Supply Chain Council of European Union | Scceu.org
Freight

Courier companies ill-prepared for workload

(CNS): Delays, missing packages, undelivered medicines and mounting complaints about poor service by courier companies since COVID-19 struck are largely due to a lack of resources and poor preparation for the crisis over the last few months, customs has said. But importers themselves need to give the right information to agents and couriers, given the growth in imports and the fact that Christmas is coming, a senior official told CNS.

While some parcels are currently stuck at Customs and Border Control, CBC Deputy Director Kevin Walton told CNS that there is no benefit to them to hold imports, not least because they cannot collect the duty until the packages are released. He said that if any courier service blames CBS for a hold-up, the customer should ask for a declaration number.

“If they can’t give you one, the hold-up is not at customs,” he said.

Following concerns raised by readers and indications that the problem is with the courier services, CNS attempted to contact two of the international companies based in Cayman that had been the subject of most of the complaints. After efforts to get someone on the phone or via email locally failed, CNS made contact with their regional offices and managed to get some brief responses.

Although neither UPS nor DHL gave full explanations for the catalogue of problems with deliveries here in Cayman, they both committed to improve their service in the face of an “immense increase” in volumes.

Pam Duque Rai, from DHL’s communications department based in Florida, said the company was investing in international network infrastructure and technology systems to provide customers with what she said were the excellent service levels that they have come to expect.

“Although our industry has not been immune to the challenges of delivering within the COVID-19 environment, we have implemented new health measures to keep our employees and customers safe while following our business continuity plan to manage the immense increase in shipment volumes through our network. Any specific shipment delays are addressed directly with our customers,” she stated.

Meanwhile, Alida Velez, from UPS Americas, told us via email that they had experienced some challenges over deliveries.

“While the vast majority of our services continue with the same time commitments our customers have come to expect, we are addressing some delays with deliveries in the Cayman Islands,” she said. “To allow for additional time to make deliveries because of the pandemic, UPS temporarily modified the UPS Service Guarantee effective March 26. For customers waiting for their packages, we are working hard to deliver their shipments during this challenging time.”

But a lack of preparation for the significant increase in smaller imports as a result of the COVID-19 pandemic combined with new importers who are not familiar with the paperwork, as well as UPS’ financial issues, have created the current troubles.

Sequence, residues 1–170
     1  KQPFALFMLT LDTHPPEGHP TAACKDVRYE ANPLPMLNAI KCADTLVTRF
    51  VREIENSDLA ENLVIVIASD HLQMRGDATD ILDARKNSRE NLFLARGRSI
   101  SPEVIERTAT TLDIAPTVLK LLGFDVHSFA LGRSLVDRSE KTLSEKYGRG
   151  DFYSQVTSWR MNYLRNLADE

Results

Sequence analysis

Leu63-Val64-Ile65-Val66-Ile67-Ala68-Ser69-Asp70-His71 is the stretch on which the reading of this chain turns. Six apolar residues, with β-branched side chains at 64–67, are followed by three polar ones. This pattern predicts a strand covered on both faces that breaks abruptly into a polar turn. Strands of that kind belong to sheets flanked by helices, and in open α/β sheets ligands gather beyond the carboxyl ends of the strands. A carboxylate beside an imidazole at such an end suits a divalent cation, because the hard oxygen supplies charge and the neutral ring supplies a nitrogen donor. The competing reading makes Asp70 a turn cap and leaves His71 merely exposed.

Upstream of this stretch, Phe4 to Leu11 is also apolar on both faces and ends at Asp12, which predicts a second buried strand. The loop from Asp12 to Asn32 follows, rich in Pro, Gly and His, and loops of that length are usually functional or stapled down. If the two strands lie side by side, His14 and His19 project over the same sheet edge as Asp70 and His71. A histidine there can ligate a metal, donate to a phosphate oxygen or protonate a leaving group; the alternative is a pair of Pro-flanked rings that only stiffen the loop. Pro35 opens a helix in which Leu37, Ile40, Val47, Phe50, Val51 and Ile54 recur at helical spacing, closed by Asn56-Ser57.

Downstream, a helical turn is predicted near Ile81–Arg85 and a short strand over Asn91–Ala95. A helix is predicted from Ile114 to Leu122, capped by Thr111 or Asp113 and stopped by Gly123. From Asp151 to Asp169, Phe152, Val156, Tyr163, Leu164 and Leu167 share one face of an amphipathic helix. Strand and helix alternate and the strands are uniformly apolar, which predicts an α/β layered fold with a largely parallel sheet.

Walton said the pandemic, the change in technology at CBC, the online shopping spree fuelled by the lockdown, the flow of pension cash and the end of weekend trips to Miami, were all part of this perfect storm for clogging up the system. In August alone there were more almost 23,000 individual imports, he revealed.

While CBC activated its continuity plan in the face of the health crisis, this has not been the case for all stakeholders. Walton told CNS that there were challenges with courier companies that have not invested the necessary resources or adapted their business models to suit the new environment.

But there are things that importers can do to get their parcels quicker. “Around 40% of all packages coming via courier don’t have the right paperwork,” Walton said, noting that people shopping online should have all the paperwork and know which courier service will be delivering their packages.

“Shoppers have the invoices, not the courier,” he said, adding that importers must also tell their courier or shipping agent if the goods are perishable or critical items such as medicines. He said the onus is on the shopper to contact the courier service ahead of delivery to give them all these details. However, he accepted that calling and emailing at present was a problem and that the only solution might be to attend the offices in person, despite the long queues.

Walton said it is really important that courier companies, the agents and private importers all do what they can to get things right. Imports are still growing significantly and we are now just three months away from Christmas, which “could be a nightmare this year” if everyone in the chain is not fully prepared, he warned.

CBC is using sophisticated tracking technology and intelligence-led analysis to understand what is coming across our borders and from where, allowing management to direct staff to where they are needed most. But the system needs everyone to buy in for it to work smoothly.

Walton said that although the CBC has been in communication with and assisted merchant importers for more than two years about the technology it now uses, some of them have still not got things right. He said many merchants have still not invested in the technology they need to make importing efficient, which clogs up the system. But he said CBC continues to do all it can to assist private and larger importers, working with them to clear the blocks in the system and get people’s goods to them as quickly as possible.

Walton explained that the next step for CBC is to set up a dedicated customer service section, which will be largely for importers, to help people understand and use the system properly. Currently, customs officers deal with customer service queries and complaints, and when they are doing that, they are not able to process the imports, he said.


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